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Royal Naval Division RND

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ROYAL NAVAL Division (RND)

The Royal Naval Division (later known as the 63rd Division) was established with two Naval Brigades and one Marine Brigade, each containing four battalions, as was the case in the army. The eight naval battalions were named after heroes: Drake, Hawke, Benbow, Collingwood, Nelson, Howe, Hood and Anson. These 1st and 2nd Naval Brigades were formed at Walmer and Betteshanger in Kent, in Aug and Sep 1914. They were soon in action: they were charged with the ill thought-out defence of Antwerp in early October 1914. The following year found them caught up in fighting on the Gallipoli Peninsula which ended in humiliating defeat and the resignation from governmental office of Winston Churchill. By May 1916 two of the original brigades of the RND left Lemnos to become a portion of the British Expeditionary Force (BEF) in France. Benbow and Collingwood Battalions were disbanded before May 1916.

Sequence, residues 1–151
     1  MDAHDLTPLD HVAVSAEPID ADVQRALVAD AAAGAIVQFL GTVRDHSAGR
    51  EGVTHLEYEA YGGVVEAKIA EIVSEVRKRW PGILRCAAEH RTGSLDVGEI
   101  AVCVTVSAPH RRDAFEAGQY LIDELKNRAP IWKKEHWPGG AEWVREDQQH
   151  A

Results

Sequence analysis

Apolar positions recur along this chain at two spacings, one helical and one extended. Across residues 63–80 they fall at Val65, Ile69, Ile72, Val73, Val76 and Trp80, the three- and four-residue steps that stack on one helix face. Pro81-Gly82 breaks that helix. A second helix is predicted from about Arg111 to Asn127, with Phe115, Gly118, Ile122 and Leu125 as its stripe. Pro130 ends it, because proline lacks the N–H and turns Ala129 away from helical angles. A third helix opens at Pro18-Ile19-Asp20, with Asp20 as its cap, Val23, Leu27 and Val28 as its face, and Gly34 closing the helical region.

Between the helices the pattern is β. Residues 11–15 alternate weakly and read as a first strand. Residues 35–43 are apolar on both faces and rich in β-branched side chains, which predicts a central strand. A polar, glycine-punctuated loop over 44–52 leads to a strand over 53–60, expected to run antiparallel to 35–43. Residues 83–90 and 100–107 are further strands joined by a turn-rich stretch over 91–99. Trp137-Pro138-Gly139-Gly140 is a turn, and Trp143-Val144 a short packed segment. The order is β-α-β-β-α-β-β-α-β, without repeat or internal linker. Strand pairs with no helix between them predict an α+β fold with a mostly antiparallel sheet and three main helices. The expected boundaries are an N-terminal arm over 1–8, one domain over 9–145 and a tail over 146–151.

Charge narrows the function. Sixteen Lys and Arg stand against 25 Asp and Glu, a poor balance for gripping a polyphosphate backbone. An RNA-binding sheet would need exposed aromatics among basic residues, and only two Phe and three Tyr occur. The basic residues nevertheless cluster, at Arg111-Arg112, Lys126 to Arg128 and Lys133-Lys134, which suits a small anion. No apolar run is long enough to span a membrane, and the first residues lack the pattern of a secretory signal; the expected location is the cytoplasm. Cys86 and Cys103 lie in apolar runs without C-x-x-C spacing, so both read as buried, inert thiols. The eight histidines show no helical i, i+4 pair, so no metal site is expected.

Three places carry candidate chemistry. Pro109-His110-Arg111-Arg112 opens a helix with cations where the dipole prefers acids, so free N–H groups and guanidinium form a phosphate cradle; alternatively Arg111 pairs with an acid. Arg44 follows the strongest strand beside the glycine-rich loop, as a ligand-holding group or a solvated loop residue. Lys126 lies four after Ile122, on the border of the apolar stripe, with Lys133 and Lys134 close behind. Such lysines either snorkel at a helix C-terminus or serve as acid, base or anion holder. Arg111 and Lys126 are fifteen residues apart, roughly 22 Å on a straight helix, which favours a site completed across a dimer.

The Admiralty realised that on mobilisation the Royal Navy would have between 20,000 to 80,000 men in various reserves, for whom there would be no space in any warship's complement. Thus, the Royal Naval Division was initially formed from men of the Royal Navy Reserve, Royal Naval Volunteer Reserve and the Royal Marine Reserve and about two thousands of Kitchener’s first hundred thousand volunteers. The majority of these volunteers were from Northern recruiting regions. This surplus was sufficient to form two naval infantry brigades and to provide a Royal Marine Brigade to be available for home defence or special tasks.

As First Lord of the Admiralty, Winston Churchill instituted the Royal Naval Division (RND) as an infantry formation in Aug 1914. This continued a tradition of employing ad-hoc groupings of sailors and marines in land operations alongside units of the British Army. Before the outbreak of World War I, the Royal Naval Brigades had served in many parts of the world, fighting with distinction in the Crimea, the Indian Mutiny, China, South Africa and in a variety of lesser campaigns.

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